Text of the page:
Earlier this week, EFF published a scorecard for rating Obama's NSA reforms. Now that the reforms have been announced, it's time to measure them up. They don't fare well, I'm afraid. Here's a roundup of commentary from privacy leaders around the world, expressing disappointment (if not surprise) at Obama's half-hearted reining in of the surveillance state.
3. No data retention mandate.
Obama’s review group recommended that the telephone metadata surveillance program be taken away from the government, suggesting that a third party or even telecom companies themselves be responsible for maintaining a searchable list of our calling records. This approach—mandating companies act as Big Brother’s little helper—won’t alleviate the serious privacy concerns with maintaining a digital record of every call we make.
We had hoped that Obama would make clear that he would reject any form of mandatory data retention. Instead, Obama acknowledged some of the concerns with a data retention mandate but called for “options for a new approach that can match the capabilities and fill the gaps that the Section 215 program was designed to address, without the government holding this metadata itself.” He never specifically rejected the idea of forcing companies or a third party to hold this data, and so he does not receive a point in this category.
5. Stop undermining Internet security.
The NSA’s systematic efforts to weaken and sabotage the encryption and security technology make us all less safe. But in contrast to his review group’s recommendations to stop those practices, Obama was silent on the issue. That silence is disappointing, as this is a critical problem that has not just undermined the privacy of millions around the world, but poisoned our collective trust in institutions that depend most on it. Zero points.
Rating Obama’s NSA Reform Plan: EFF Scorecard Explained
The CBC asked me to write an editorial for their package about Canadian identity and politics, timed with the 150th anniversary of the founding of the settler state on indigenous lands. They’ve assigned several writers to expand on themes in the Canadian national anthem, and my line was “We stand on guard for thee.”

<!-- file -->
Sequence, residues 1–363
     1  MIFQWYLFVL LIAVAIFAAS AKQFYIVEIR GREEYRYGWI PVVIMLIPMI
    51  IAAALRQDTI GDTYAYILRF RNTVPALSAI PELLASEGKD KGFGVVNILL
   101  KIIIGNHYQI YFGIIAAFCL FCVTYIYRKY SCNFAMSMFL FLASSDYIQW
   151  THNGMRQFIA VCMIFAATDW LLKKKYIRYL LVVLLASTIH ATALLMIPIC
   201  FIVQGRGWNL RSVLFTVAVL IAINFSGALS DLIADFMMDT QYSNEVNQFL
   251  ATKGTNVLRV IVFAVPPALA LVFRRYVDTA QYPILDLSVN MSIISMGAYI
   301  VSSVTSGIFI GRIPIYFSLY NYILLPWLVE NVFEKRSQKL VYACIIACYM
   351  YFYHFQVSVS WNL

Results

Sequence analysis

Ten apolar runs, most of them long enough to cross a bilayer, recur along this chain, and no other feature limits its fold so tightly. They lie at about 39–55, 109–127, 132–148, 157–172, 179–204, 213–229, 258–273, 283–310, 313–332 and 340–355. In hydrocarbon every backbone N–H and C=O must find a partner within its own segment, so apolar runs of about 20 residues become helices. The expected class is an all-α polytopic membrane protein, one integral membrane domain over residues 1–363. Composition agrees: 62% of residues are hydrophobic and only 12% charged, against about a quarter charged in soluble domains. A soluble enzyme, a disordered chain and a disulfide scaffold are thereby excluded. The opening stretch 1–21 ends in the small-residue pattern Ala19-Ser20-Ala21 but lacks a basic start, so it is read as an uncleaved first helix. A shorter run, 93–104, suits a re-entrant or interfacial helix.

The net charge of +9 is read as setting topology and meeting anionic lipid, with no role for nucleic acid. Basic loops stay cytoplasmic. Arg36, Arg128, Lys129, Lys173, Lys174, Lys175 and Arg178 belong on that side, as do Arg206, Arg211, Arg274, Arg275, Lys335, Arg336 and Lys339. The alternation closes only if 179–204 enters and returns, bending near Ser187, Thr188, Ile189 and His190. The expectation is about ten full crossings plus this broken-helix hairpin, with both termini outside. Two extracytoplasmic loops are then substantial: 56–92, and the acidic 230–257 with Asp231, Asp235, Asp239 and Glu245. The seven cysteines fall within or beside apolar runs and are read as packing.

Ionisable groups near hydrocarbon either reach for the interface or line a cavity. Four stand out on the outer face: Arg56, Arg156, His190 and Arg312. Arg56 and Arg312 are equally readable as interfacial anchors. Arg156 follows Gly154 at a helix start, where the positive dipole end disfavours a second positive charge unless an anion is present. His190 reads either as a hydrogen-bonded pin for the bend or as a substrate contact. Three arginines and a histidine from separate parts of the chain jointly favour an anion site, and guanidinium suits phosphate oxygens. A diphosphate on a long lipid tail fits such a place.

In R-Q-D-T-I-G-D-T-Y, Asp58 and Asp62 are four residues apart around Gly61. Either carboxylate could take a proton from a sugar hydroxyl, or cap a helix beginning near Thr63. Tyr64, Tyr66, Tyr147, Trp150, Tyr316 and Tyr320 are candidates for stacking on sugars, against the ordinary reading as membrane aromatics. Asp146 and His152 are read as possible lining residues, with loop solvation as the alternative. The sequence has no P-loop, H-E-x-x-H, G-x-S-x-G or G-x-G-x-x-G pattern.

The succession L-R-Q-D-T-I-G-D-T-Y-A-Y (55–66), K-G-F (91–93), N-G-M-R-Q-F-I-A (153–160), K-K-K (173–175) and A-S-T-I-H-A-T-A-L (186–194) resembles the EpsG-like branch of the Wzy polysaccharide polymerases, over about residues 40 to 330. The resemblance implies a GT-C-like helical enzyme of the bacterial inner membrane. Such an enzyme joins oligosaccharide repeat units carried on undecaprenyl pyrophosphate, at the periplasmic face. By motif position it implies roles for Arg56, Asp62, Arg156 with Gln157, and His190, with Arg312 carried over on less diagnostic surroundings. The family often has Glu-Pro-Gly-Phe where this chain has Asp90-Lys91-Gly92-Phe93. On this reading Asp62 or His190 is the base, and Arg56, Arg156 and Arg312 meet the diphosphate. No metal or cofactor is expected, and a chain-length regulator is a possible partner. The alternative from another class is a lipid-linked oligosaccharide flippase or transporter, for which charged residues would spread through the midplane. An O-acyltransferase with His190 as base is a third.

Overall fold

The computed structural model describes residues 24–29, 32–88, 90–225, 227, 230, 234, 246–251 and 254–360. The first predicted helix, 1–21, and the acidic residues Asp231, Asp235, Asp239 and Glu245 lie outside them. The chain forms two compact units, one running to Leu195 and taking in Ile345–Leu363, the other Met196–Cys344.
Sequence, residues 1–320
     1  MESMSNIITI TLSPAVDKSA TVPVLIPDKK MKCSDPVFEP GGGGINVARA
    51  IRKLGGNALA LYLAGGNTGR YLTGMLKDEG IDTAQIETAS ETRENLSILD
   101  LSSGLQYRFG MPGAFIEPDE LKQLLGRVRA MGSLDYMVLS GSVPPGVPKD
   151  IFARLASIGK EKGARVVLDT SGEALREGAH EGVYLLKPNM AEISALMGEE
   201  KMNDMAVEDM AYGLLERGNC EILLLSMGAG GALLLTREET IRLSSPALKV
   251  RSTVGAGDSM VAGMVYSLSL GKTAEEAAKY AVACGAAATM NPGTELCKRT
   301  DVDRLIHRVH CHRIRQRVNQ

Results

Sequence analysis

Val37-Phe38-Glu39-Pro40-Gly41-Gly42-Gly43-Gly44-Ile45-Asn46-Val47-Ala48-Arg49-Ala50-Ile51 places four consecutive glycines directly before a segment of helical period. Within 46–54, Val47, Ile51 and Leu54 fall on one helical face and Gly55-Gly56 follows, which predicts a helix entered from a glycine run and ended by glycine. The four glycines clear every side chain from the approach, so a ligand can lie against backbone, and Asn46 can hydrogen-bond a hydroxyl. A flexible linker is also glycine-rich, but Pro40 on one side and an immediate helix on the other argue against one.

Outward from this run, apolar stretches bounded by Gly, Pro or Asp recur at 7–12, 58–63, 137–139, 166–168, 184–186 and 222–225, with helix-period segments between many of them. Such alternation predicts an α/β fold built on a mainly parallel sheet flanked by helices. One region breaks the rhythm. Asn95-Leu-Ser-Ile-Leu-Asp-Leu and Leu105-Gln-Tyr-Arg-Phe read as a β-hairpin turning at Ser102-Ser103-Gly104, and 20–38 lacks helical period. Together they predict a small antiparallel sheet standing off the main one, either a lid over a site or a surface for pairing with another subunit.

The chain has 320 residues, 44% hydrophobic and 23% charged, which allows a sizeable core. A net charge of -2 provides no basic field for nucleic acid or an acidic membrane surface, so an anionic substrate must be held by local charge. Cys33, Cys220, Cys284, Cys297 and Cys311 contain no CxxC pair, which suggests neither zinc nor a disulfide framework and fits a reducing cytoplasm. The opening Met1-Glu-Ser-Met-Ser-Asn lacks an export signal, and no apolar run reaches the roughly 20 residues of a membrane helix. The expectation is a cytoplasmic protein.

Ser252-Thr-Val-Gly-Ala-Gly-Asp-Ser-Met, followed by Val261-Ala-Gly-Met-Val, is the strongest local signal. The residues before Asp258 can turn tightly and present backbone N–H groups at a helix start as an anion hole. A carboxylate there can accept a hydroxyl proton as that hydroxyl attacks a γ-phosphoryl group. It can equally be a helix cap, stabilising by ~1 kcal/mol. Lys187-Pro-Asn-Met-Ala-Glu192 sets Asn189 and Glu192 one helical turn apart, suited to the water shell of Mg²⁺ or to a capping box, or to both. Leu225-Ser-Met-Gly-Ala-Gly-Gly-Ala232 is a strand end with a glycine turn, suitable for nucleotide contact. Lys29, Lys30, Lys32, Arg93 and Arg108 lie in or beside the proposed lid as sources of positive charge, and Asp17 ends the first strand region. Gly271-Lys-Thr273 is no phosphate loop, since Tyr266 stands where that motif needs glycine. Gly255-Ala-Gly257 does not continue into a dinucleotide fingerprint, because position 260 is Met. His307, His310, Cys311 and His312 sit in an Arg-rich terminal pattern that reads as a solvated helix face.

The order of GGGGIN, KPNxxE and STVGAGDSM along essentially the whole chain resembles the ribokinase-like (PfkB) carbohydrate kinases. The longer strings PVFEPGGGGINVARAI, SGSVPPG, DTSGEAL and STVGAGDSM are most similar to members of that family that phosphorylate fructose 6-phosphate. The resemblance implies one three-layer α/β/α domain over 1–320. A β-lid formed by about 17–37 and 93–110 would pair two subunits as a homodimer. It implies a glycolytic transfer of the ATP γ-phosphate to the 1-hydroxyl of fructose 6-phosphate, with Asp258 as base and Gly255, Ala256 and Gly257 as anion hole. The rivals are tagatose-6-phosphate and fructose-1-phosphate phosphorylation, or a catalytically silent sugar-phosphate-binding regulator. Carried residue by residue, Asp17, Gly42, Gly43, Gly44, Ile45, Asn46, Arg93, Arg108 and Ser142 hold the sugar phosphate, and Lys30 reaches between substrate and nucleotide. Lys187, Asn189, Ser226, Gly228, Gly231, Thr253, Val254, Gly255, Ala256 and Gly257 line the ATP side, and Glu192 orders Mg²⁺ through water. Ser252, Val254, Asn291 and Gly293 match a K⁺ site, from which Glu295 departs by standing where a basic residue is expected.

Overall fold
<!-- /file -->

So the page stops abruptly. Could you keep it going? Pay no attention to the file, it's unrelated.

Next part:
In a paper for IEEE Security, researchers from Cyberpion and Israel’s College of Management Academic Studies describe a “Password Reset Man-in-the-Middle Attack” that leverages a bunch of clever insights into how password resets work to steal your email account (and other kinds of accounts), even when it’s protected by two-factor authentication.
U.S. Girl Scouts as young as 5 years old will soon be able to earn their first-ever cybersecurity badges. 18 of these merit patches will be launched by the Girl Scouts of the USA starting in September, 2018.
Although flagship smartphones are unlikely to adopt heavy-duty outer casing anytime soon, you can always prepare your device for the outdoors with a beefy case and and an external battery like this Nomad Tile Trackable PowerPack, available in the Boing Boing Store for $119.95.The Nomad Tile can fully recharge an iPhone 7 over three times […]
Even though credit cards now feature an EMV chip for securing transactions, they still have to include the magnetic strip for compatibility with older point of sale systems. Because of this, there’s no way for the chip’s new security capabilities to protect against card skimmers in the wild.How do you protect yourself from legacy-technology-induced fraud? […]
As the old saying goes, “You should sit in meditation for 30 minutes every day. Unless you are too busy, in which case you should meditate for an hour.” Since most of us have an endless list of things to do and people to see, carving out quiet time can feel impossible, especially when most […]